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  20. "I can't remember which GURPS supplement it was but an optional rule for simulating 80s style action films was the concept that when the hero stripped off his shirt (a la Rambo) the higher his Defense (I can't remember if it was active or passive defense, or both) would go."--Osskorrei

    That optional "Cinematic" "Silly Combat Rule" was included in several GURPS books covering genres in which it can be appropriate. It's restated in GURPS Compendium II: Combat and Campaigns like this...

    "Bulletproof Nudity: PCs can increase PD by undressing. A ragged t-shirt or skintight bodysuit is PD 3, stripped to the waist or skimpy underwear is PD 5, total nudity is PD 7. Add +1 for female PCs."

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  21. "Can't you Die during Character creation in early versions of traveller?"--O'Flux aka SteveEG

    Sure can. But the probability varies widely from one occupation to another. If I recall correctly (somebody please correct me if I don't), Marine and Belter (asteroid miner) are the two most hazardous careers. But most other careers are pretty safe.

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  22. @Ed Dove - Thanks for posting the actual GURPS text.

    Ahh... it still makes me chuckle.

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  23. "Ahh... it still makes me chuckle."--Osskorrei

    There's a GURPS rule limiting the "Enemies" disadvantage that I disagree with and don't use because the example given to justify the rule implies such potentially interesting and hilarious story possibilities that I laugh just thinking about them. The rule itself isn't quirky, but the example given to justify the rule is...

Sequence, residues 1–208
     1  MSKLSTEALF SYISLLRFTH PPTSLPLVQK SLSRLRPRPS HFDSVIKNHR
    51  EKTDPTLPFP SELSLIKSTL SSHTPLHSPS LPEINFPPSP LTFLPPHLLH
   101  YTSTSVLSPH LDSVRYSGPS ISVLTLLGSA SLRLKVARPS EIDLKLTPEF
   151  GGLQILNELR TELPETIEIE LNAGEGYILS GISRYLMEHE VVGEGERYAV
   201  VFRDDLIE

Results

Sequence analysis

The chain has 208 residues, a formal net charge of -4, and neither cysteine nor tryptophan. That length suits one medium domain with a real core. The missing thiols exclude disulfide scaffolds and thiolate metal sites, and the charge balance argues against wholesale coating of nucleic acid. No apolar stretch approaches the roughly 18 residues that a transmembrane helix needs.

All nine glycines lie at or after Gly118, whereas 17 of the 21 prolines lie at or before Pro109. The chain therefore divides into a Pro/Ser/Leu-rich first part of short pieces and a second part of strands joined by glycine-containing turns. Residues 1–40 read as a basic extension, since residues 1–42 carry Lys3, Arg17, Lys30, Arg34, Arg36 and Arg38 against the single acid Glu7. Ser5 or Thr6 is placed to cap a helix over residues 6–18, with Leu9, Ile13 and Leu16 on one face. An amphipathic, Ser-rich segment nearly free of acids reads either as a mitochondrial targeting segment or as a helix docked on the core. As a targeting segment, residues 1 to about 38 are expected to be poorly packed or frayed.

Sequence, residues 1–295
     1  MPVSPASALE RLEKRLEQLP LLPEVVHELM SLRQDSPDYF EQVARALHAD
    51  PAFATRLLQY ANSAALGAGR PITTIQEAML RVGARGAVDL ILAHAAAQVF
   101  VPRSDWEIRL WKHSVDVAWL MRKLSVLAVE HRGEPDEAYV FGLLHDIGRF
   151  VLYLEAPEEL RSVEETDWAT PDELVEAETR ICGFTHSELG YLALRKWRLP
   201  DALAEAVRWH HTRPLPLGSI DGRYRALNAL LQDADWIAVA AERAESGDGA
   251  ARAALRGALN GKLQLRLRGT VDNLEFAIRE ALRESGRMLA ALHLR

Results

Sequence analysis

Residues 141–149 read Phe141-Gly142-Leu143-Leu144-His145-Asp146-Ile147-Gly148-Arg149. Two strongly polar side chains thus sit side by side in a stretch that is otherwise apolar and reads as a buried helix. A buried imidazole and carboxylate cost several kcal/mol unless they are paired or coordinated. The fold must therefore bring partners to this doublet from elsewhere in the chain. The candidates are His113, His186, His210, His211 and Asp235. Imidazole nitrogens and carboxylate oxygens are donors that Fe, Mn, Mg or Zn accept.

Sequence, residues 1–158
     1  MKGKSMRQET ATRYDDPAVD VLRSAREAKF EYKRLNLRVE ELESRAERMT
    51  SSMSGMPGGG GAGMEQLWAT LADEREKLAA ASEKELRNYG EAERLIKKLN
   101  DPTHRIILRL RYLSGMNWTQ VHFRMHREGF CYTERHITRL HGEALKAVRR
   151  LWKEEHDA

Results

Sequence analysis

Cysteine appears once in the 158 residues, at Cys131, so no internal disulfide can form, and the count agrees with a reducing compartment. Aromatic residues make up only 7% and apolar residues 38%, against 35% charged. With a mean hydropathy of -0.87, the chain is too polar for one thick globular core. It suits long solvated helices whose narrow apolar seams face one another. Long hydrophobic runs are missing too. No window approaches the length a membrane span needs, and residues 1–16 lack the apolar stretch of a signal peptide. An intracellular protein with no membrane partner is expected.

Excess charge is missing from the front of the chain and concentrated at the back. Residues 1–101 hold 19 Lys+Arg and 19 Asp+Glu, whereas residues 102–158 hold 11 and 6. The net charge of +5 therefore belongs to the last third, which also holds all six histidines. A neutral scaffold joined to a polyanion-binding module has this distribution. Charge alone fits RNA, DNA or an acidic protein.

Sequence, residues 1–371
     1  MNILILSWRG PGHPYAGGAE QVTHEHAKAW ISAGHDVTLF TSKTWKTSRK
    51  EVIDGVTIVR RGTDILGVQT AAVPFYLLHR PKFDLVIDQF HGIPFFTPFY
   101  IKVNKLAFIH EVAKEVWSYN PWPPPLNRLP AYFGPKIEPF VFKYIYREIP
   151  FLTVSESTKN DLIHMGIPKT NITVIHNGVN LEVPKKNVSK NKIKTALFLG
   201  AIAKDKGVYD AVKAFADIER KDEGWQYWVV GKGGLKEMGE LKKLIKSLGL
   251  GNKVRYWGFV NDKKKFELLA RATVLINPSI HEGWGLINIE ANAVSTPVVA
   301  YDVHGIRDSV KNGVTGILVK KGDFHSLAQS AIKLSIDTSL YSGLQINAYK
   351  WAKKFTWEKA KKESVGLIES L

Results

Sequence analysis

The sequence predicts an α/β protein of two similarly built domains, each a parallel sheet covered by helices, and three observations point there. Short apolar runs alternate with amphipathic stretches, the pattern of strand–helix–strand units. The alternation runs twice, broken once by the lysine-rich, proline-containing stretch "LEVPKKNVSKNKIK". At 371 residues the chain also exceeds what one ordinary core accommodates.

"You may not take more than two Enemies, or claim more than -60 points in Enemies. (If the whole U.S. government is out to get you, the fact that your old college professor has lost his mind, and is also after you, pales to insignificance.)"

    That always makes me think of how, in the movie "The Return of the Pink Panther", while Inspector Clouseau is trying to recover the Pink Panther and capture the Phantom, Clouseau's boss, Chief Inspector Dreyfus, goes insane and starts trying to kill Clouseau. And, even compared to all the schemes and conspiracies surrounding the Panther, Dreyfus's insane assassination attempts do not pale to insignificance. In fact, the last one determines the outcome of the climactic scene. And they're funny too.

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  24. I usually enjoyed a rule in Top Secret SI regarding Education skill checks. They decided that Education skills were there to fill gaps in the Players' knowledge, not the Character...so if I knew something in real life (the game example being knowing that Tunsia become a republic in 1957), my character did too, no check needed.